Inflammation in Salt-Sensitive Hypertension and Renal Damage.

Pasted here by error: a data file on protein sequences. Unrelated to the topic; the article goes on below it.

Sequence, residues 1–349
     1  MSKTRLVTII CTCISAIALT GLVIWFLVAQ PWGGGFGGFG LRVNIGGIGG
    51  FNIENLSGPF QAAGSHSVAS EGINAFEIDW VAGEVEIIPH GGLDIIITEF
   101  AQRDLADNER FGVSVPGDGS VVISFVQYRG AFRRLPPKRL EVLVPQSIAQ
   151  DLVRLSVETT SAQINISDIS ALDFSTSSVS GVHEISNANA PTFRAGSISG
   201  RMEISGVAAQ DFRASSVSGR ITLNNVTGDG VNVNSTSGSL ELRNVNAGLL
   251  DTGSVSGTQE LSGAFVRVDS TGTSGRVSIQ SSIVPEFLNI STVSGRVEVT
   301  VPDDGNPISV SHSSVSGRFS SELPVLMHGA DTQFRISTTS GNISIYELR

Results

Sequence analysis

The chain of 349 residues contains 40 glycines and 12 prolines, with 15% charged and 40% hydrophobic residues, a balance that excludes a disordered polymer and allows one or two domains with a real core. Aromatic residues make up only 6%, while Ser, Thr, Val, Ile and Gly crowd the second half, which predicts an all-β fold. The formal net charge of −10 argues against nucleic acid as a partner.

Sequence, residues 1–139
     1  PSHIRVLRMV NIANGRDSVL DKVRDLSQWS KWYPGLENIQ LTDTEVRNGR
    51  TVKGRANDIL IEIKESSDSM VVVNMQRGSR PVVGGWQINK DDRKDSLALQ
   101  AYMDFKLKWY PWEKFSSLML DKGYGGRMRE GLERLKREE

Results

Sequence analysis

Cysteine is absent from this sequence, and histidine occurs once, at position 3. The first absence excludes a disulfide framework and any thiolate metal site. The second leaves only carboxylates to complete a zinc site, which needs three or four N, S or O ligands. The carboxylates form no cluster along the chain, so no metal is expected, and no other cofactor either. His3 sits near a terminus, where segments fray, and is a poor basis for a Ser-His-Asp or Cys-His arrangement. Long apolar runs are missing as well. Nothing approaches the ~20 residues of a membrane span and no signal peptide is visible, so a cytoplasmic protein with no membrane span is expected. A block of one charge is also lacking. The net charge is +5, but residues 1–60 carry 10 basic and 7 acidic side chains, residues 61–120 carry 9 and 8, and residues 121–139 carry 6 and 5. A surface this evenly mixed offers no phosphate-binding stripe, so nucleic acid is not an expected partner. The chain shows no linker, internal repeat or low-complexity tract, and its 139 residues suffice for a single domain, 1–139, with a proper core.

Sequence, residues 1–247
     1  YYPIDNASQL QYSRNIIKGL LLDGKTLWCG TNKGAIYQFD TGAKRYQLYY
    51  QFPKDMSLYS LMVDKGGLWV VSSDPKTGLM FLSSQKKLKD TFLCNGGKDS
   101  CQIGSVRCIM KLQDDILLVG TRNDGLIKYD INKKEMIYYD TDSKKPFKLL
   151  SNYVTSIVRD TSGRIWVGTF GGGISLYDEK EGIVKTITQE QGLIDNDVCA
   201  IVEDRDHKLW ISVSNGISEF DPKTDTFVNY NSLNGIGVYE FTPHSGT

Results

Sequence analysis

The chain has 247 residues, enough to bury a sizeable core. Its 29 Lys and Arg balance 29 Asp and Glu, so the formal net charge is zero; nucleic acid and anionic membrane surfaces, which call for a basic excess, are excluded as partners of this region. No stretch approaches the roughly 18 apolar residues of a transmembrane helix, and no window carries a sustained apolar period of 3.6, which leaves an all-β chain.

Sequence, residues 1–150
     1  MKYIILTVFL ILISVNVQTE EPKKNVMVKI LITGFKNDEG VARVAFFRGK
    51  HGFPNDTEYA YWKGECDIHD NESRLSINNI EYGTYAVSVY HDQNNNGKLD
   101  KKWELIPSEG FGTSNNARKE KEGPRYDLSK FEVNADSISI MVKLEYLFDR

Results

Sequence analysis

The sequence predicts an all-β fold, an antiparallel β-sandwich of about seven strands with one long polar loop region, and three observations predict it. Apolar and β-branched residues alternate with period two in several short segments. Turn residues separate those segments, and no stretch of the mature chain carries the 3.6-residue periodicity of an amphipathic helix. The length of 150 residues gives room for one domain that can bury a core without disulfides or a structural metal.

PURPOSE OF REVIEW: Low-grade inflammation drives elevations in blood pressure (BP) and consequent target organ damage in diverse experimental models of hypertension. Here, we discuss recent advances elucidating immune-mediated mechanisms of BP elevation and associated target organ damage. RECENT FINDINGS: Inflammatory mediators produced by immune cells or target organs act on the kidney, vasculature, skin, and nervous system to modulate hypertension. For example, cells of the innate immune system, including monocytes, neutrophils, and dendritic cells (DCs), can all promote BP elevation via actions in the vasculature and kidney. Macrophages expressing VEGF-C impact non-osmotic sodium storage in the skin that in turn regulates salt sensitivity. Within the adaptive immune system, activated T cells can secrete tumor necrosis factor-alpha (TNF-α), interleukin-17a (IL-17a), and interferon-gamma (IFN-γ), each of which has augmented BP and renal damage in pre-clinical models. Inversely, deficiency of IL-17a in mice blunts the hypertensive response and attenuates renal sodium retention via a serum- and glucocorticoid-regulated kinase 1 (SGK1)-dependent pathway. Linking innate and adaptive immune responses, dendritic cells activated by augmented extracellular sodium concentrations stimulate T lymphocytes to produce pro-hypertensive cytokines. By contrast, regulatory T cells (Tregs) can protect against hypertension and associated kidney injury. Rodent studies reveal diverse mechanisms via which cells of the innate and adaptive immune systems drive blood pressure elevation by altering the inflammatory milieu in the kidney, vasculature, and brain.
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